What is a good way to explain the slightly different kinds of continuity to students? I have in mind these kinds of continuity:

  1. A function is continuous at a point. (This also has two sub-kinds: continuity at an interior point and at a left or right endpoint of the domain.)

  2. A function is continuous in an interval.

  3. A function is continuous. (I.e. it is continuous at every point in its domain.)

My students get these ideas mixed up, no matter how hard I try to distinguish the ideas and the terminology. Do you have a good way to teach these concepts?

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    $\begingroup$ The first one is the definition, the rest are situation dependent. For instance a function can be continuous at only one point. $\endgroup$
    – Chris C
    Commented Nov 2, 2014 at 0:25
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    $\begingroup$ I understand all that, but my question is how to better help my students to understand that. $\endgroup$ Commented Nov 2, 2014 at 0:39
  • $\begingroup$ @RoryDaulton You're lucky that you don't have to explain the difference between absolute continuity, Lipschitz continuity, uniform continuity etc ;) $\endgroup$
    – Danu
    Commented Nov 2, 2014 at 12:50
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    $\begingroup$ @Danu: That's not luck, that's sticking to the curriculum ;) $\endgroup$ Commented Nov 2, 2014 at 12:54
  • $\begingroup$ I have a terminal degree in math, and I am confused by these three "kinds" of continuity as well. $\endgroup$ Commented Nov 4, 2014 at 6:58

2 Answers 2


In my Calculus classes I really like using the function $f(x) = \frac{1-x^2}{1-x}$ as a running example. First I use it to exemplify how the definition of a function must include information about its domain. For instance, $f$ is not quite the same as the function $1+x$.

Later, I se $f$ to talk about continuity, because it is a good example of a function that is not continuous at exactly one point, even though the limit exists. Then we talk about how you can extend a function by continuity, thus recovering $1+x$.

Finally, we use $f$ to visualize the derivative of $x^2$ at $x=1$. The point I make is that the quotient definition of derivative needs to use a limit, because the quotient itself is not defined. Usually (meaning for quite a few students) the understanding of the continuity issue becomes ingrained as a collateral effect of understanding the definition of derivative. And that kind of is the point in a Calculus class, right?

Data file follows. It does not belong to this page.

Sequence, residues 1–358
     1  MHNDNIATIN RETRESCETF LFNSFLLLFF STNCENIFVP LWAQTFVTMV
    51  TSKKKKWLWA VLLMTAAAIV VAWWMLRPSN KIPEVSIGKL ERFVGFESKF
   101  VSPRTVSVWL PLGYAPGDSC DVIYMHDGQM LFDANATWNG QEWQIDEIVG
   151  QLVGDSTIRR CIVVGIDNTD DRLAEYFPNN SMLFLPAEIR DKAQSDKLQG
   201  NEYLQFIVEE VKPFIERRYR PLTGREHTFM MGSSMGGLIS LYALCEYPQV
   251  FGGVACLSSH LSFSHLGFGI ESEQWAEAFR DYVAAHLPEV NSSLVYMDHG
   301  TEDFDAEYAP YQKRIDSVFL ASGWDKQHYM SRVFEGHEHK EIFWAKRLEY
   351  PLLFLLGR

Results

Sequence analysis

(As an aside, I also use $f$ in Complex Analysis, now as a function of a complex variable, to explain the subtle notion of a removable singularity. Without a concrete example, they usually miss that there is meat to this definition.)

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    $\begingroup$ That example seems like it could be misleading. The function $f: \mathbb{R} - \{1\} \to \mathbb{R}$ defined by $f(x) = \frac{1 - x^2}{1 - x}$ for each $x \in \mathbb{R} - \{1\}$ is the same as the function $f: \mathbb{R} - \{1\} \to \mathbb{R}$ defined by $f(x) = 1 + x$; the domain is part of the data of the function, not a consequence of the way $1 + x$ happens to be written. Also, that function $f$ is continuous. A removable singularity is (by definition) not in the domain, so it doesn't make sense to talk about whether the function is continuous at that point. $\endgroup$ Commented Jun 14, 2015 at 14:13

Those are all the same kind of continuity:

  • Given a subset $S \subseteq \mathbb{R}$ and a function $f: S \to \mathbb{R}$, we say $f$ is continuous at a point $x \in S$ iff for each $\varepsilon > 0$, there exists $\delta > 0$ such that, for all $s \in S$ with $0 < \lvert x - s \rvert < \delta$, we have $\lvert f(x) - f(s) \rvert < \epsilon$.
  • We say $f$ is continuous iff $f$ is continuous at each point $x \in S$.
  • More generally, given a subset $T \subseteq S$, we say $f$ is continuous on $T$ iff $f$ is continuous at each point $x \in T$.

There's no need to give a different definition for "continuous at an endpoint", because it's already encapsulated in the above definitions; any points outside the domain are irrelevant.

  • $\begingroup$ +1 because in my experience it is not clear to all students, that continuity only makes sense for points in the domain... $\endgroup$ Commented Jun 16, 2015 at 14:54
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    $\begingroup$ @tampis: My guess is, this is partly due to confusion about what functions are, possibly due to inconsistent or absent definitions. Many high school math textbooks conflate singularities with discontinuities, ask students to "find the domain" of functions (as though it wasn't part of the data of the function), and almost always present functions in the format "f(x) = [some expression involving x]" (leading to confusion about the distinction between the function itself and its values, and mistaken beliefs that functions defined in any other way — e.g., piecewise — aren't functions). $\endgroup$ Commented Jun 16, 2015 at 15:35

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